Psychological Health Benefits of Companion Animals Following a Social Loss

TitlePsychological Health Benefits of Companion Animals Following a Social Loss
Publication TypeJournal Article
Year of Publication2020
AuthorsCarr, DC, Taylor, MG, Gee, NR, Sachs-Ericsson, NJ
Type of ArticleJournal
ISSN Number17585341
KeywordsHuman–animal interaction, Spousal loss

BACKGROUND AND OBJECTIVES: In later life, the loss of a spouse due to divorce or widowhood is common and can lead to elevated depressive symptoms and loneliness. Research suggests that companion animal (CA) may be beneficial for psychological health, but limited research has explored whether CA can buffer negative consequences of social losses. RESEARCH DESIGN AND METHODS: This study uses data drawn from the Health and Retirement Study (HRS) to examine changes in depressive symptoms and loneliness in relation to a social loss among those with/without a CA. We used inverse-probability weighted regression to adjust for selection factors and isolate effects of CA ownership on changes in psychological health. RESULTS: Regardless of CA ownership, spousal loss was associated with psychological health consequences. Facing a social loss without a CA was related to statistically greater increases in depressive symptoms relative to those with a pet (2.580 vs. 1.207 symptoms, respectively). Similarly, experiencing a loss was associated with significantly greater increases in loneliness, with statistically greater increases in loneliness among those without a CA (p < .01). However, those with a CA did not experience greater increases in loneliness than those who did not experience a loss. DISCUSSION AND IMPLICATIONS: In later life, CA ownership may buffer against the detrimental consequences of major social losses on psychological health. Future research on the therapeutic effects of CA ownership, as well as pet therapy, during other major life stage transitions is needed to help isolate potential mechanisms driving the benefits of human-animal interactions.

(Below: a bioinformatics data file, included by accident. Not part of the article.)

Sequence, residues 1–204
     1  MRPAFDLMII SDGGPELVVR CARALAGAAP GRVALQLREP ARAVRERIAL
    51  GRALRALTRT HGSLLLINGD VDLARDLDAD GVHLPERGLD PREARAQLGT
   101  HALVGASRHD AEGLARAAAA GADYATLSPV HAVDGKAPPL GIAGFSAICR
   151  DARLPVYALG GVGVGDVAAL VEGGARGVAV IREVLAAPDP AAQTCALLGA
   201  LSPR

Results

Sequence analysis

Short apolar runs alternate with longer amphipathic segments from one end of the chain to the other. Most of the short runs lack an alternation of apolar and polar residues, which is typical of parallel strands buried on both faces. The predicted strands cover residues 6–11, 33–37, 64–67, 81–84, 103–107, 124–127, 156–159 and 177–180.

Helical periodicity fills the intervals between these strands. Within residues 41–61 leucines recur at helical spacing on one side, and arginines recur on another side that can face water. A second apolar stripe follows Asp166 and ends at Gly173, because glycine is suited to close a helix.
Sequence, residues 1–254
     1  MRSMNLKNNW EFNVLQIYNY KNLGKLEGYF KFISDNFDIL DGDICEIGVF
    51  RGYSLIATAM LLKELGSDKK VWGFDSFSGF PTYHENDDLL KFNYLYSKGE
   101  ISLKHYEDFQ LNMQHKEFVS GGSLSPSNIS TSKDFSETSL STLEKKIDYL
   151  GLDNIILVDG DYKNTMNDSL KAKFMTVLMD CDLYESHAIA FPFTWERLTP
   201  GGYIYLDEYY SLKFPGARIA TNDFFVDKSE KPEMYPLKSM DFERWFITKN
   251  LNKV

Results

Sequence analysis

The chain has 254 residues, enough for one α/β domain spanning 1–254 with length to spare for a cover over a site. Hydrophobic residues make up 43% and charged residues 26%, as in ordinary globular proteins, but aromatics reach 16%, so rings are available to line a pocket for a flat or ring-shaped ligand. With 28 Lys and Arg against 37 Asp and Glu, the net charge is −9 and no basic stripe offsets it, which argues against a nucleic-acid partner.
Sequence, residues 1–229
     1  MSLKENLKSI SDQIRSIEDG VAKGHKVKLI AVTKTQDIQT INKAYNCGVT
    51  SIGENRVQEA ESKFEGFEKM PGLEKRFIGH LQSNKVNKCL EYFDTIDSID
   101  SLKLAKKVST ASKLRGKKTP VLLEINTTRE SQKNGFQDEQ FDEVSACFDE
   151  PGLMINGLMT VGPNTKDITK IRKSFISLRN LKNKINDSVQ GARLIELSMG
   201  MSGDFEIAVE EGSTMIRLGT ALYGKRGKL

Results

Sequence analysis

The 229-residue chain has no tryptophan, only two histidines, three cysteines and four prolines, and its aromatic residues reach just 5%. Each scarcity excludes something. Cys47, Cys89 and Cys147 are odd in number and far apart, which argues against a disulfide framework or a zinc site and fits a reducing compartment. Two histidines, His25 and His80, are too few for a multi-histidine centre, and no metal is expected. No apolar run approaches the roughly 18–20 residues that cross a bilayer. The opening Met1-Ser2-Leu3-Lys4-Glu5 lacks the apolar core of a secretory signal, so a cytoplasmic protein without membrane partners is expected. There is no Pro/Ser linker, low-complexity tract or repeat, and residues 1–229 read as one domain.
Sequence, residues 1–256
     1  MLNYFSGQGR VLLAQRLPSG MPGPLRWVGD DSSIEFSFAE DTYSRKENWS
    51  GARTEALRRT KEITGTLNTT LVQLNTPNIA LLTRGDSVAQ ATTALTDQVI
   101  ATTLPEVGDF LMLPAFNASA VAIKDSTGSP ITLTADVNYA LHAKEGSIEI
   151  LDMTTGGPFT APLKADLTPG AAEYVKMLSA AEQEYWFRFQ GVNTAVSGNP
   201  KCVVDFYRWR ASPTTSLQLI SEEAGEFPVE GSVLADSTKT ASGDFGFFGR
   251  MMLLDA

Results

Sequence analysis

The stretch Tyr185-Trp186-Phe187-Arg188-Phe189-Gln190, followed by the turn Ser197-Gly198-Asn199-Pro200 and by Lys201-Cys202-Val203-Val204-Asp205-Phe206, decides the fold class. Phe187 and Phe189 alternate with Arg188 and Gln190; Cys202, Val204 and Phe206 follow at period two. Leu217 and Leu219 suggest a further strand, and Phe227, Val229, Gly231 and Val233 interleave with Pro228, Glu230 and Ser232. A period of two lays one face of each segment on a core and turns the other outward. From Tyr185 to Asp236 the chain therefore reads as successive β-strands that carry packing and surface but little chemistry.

Citation Key10689
PubMed ID31504497